Glad I am able to post, since I for some careless reason paid twice for my new domain, could not contact a human at WordPress, and had to involve amex. WordPress was going to freeze my site for 75 days or let me post if I gave them $20 for disputing the extra fee. So I did, and I managed to save 6 of the dollars I double fee I paid them. Customer service is no longer a concept.  Here is what I have been wondering lately: I know yoga is not a religion but if you do it long enough, it does become a spiritual practice that permeates most aspects of our daily lives and therefore affects the lives of those who live with us. I look longingly at spouses who practice together and wonder how it worked out. We did try together for about three months, but he could only come to class on weekends and it fell by the wayside since his workday starts around 6 AM visiting the sites he is managing. I can’t even imagine what it would take to have an 8 limb practice raising a family with school age children. I know people say Guruji, Sharath, and many senior teachers are householders, but they have an Amma, a Shruti, a Saraswati, a family member that holds the fort. So back to all about me, I know a lot of  yearly Mysore visitors have supportive spouses who hold the fort for a month or longer while they are away. I am already paranoid about wanting to attend some workshop AND go back to India. I feel like I am hogging most of our discretionary budget which for most of our lives together, we have spent it on things we both enjoy and want to participate in.  I wonder if it was easy flow from the beginning for the Mysore student frequent traveler, or it got easier with time.


9 thoughts on “Householding

    • Oh I can have my trip, Ray is the more laid back half of this unit when it comes to spending. Neither one of us particularly enjoys long separations though. Two actors, two athletes, two artists, any pair with a serious devotion need to negotiate space time and resources I suppose. >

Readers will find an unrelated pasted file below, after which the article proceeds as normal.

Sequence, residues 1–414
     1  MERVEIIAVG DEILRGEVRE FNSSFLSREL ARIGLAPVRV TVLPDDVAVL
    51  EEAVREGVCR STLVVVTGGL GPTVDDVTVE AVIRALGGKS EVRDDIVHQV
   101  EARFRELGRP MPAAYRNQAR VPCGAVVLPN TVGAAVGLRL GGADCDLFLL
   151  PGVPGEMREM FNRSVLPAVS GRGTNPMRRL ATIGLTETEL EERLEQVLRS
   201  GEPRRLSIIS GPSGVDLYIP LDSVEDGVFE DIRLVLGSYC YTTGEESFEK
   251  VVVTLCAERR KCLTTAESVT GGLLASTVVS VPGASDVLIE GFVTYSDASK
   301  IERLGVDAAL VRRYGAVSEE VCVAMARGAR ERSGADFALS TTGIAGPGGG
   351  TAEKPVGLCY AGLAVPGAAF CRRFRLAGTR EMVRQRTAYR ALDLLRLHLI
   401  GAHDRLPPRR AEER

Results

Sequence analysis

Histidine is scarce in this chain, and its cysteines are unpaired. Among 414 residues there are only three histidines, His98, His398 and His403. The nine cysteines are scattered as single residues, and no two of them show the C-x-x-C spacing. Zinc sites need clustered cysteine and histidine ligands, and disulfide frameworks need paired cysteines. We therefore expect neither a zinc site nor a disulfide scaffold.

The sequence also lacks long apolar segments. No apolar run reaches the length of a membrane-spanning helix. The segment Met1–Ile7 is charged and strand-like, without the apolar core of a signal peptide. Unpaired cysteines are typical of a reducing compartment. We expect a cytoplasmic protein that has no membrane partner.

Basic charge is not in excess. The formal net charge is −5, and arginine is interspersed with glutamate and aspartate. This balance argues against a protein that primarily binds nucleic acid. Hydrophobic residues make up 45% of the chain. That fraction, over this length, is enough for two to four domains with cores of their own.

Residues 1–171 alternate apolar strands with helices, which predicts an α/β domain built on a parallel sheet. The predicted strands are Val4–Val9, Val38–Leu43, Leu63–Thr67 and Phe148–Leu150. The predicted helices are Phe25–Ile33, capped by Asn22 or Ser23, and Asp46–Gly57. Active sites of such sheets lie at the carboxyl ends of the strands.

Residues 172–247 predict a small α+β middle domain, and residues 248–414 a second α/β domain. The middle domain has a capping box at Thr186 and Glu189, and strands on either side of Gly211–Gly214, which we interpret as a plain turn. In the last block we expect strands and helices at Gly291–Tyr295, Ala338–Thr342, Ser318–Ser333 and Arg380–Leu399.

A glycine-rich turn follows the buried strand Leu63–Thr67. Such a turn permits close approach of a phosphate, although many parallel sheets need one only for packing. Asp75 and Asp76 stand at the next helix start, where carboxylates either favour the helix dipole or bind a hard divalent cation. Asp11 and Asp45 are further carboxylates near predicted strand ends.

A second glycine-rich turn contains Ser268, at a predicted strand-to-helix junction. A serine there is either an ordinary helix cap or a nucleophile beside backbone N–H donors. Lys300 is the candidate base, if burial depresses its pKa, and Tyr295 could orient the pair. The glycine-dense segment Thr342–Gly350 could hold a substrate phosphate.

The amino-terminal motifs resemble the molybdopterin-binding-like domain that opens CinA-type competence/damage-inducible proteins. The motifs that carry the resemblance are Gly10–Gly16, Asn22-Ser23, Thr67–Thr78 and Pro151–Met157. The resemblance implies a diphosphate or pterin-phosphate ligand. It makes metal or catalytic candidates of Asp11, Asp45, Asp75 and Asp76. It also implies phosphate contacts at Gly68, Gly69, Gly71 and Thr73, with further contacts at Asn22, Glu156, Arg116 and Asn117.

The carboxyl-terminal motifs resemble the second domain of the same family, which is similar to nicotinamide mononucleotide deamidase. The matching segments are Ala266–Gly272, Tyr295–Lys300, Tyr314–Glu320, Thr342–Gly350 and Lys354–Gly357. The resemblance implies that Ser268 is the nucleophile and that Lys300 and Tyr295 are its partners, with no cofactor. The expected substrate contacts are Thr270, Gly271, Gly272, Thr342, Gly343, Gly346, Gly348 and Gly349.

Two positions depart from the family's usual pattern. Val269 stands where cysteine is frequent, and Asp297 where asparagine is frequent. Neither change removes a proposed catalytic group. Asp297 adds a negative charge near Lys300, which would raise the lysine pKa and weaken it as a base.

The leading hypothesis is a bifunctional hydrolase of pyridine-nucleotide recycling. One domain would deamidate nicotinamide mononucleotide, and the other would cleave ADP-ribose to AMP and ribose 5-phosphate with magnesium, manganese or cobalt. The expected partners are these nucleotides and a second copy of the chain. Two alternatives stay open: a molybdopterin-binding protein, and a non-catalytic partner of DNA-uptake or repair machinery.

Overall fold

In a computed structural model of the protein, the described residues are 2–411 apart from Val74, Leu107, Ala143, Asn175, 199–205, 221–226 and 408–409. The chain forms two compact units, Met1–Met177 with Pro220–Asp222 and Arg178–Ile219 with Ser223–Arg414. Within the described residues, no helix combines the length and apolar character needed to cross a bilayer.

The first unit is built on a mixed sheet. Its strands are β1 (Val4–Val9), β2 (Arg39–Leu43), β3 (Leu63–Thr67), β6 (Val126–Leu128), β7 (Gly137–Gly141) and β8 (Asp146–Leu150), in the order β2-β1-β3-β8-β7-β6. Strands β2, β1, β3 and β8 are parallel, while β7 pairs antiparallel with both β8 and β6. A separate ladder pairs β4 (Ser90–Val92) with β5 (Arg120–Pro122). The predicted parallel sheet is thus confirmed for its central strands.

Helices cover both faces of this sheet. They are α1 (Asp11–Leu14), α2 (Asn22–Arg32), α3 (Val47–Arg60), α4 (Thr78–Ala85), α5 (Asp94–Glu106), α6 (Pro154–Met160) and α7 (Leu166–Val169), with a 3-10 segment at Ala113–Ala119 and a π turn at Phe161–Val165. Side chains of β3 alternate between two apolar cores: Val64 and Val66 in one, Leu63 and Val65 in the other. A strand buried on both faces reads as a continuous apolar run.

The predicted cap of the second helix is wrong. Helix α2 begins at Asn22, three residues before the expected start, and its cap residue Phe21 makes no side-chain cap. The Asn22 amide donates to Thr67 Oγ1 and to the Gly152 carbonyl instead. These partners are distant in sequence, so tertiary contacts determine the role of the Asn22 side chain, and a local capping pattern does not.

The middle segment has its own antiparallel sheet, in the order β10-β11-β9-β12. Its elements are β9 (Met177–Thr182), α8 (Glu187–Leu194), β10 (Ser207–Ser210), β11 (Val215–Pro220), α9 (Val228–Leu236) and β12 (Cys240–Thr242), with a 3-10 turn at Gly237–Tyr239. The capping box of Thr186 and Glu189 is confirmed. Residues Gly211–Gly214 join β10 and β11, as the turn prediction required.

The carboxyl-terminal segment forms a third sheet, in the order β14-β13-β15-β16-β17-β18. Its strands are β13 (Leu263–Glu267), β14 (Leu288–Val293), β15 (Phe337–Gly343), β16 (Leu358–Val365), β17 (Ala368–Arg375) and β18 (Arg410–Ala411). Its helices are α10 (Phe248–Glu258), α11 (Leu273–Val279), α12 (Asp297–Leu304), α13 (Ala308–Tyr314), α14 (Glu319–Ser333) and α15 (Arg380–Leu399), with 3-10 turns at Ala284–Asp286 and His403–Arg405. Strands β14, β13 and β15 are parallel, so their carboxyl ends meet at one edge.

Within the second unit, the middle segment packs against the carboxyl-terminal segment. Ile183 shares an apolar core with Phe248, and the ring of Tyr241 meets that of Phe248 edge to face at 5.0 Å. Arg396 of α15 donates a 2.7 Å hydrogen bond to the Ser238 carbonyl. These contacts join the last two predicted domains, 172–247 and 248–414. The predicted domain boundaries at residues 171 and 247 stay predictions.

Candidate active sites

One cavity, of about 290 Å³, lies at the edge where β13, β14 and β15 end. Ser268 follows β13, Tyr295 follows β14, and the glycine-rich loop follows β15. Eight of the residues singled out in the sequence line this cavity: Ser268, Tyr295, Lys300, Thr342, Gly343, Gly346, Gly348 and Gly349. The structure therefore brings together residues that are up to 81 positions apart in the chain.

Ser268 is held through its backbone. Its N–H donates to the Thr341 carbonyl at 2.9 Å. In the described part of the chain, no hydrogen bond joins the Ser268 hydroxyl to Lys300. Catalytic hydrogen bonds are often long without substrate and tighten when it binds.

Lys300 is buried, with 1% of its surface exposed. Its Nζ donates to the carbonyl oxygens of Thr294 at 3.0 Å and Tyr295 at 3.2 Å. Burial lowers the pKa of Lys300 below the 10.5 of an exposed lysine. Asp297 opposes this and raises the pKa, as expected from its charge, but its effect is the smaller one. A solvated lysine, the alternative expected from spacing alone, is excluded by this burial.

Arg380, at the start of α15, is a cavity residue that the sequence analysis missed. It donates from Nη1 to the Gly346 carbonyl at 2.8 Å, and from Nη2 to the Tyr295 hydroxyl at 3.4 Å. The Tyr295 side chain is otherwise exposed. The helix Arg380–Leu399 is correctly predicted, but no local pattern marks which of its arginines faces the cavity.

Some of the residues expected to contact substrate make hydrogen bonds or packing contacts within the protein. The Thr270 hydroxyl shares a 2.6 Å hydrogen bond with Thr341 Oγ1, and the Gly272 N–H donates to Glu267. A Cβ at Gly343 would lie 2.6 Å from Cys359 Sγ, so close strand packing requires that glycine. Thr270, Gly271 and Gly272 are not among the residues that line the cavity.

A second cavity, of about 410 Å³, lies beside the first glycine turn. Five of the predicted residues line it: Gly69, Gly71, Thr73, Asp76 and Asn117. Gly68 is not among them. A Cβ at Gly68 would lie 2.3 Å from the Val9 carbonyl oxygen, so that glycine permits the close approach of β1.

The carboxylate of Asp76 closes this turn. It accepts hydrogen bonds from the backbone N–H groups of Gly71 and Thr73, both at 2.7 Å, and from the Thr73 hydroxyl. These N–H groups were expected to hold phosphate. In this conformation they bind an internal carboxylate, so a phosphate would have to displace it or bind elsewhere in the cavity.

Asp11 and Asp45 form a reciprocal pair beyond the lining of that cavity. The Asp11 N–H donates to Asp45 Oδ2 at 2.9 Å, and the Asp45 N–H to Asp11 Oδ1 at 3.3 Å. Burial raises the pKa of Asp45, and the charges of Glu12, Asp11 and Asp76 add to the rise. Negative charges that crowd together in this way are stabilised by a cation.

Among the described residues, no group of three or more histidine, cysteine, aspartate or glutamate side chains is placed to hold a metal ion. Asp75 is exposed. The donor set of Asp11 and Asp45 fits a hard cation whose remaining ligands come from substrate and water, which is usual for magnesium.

Liked by 1 person

  1. Boy, do I know how you feel. I have compounded my situation by working for my husband. I have more time to get away than he does so I always feel guilty leaving him behind to do the work I do for him. Which he totally hates, by the way. Oh and he makes more money right now than I do so he pays the bills for most of everything to keep a roof over our head and food on the table while I just pay for a couple of things. I even worked out a system where if I am away for a few days, I can still do his work from a laptop somewhere else. That I’ll never do in India though. All this however does not keep me from wanderlust. I take the cliché/motto “you only live once” (at least in the present body), very seriously. So I continue to scheme and plan my next journey, even if it’s just in my head😃


    • Thanks for sharing Sara. Even though I know that ashtanga has more male practitioners than other asana practices, the majority of people in every room I’ve been in are women. So this must be a very common situation, with several angles to approach it, judging be the numbers of people (again mostly female) who make the trip. I do want to acknowledge that there are those whose sadhana is such a mission that they risk everything, the way someone who gets accepted to a very prestigious place of learning does whatever it takes to take advantage of the opportunity. But it is more precarious every day to get into that “medical school” financial commitment.

      > On Feb 2, 2016, at 5:26 PM, ashtangi-kapha-foodie wrote > >


  2. My husband was supportive from the first trip. And he wasn’t surprised when I wanted to go back the next year. Just back from 5th trip & at this point it’s an annual event — I only stay a month at a time & sometimes I feel sad that I can’t stay longer, but then I get a clue & realize how lucky I am.


    • Ha, You Madam and our friend N, were on my mind as I was writing that post. I was thinking that when I read your posts and see mentions of you in our friends’ feeds, you are the role model/poster person for a victorious Mysore student. It goes without saying that most of us make a financial/budgetary adjustment to be able to travel and stay for a month. Leaving your daily comings and goings for a month requires active participation from everyone in it. Unlike you, both my husband and I were surprised at how strong my desire was to return to India. I thought it would be sort of a bucket list item that I was able to make a reality and remember with fondness. My original plan last fall was to go on the Namarupa Yatra and continue on to Mysore to study with Saraswati but I never heard back after sending my application. Of course when I told her she said- You come no problem, but I had round trip tickets and travel commitments with others by then. Maybe I need to complete that part of the journey.


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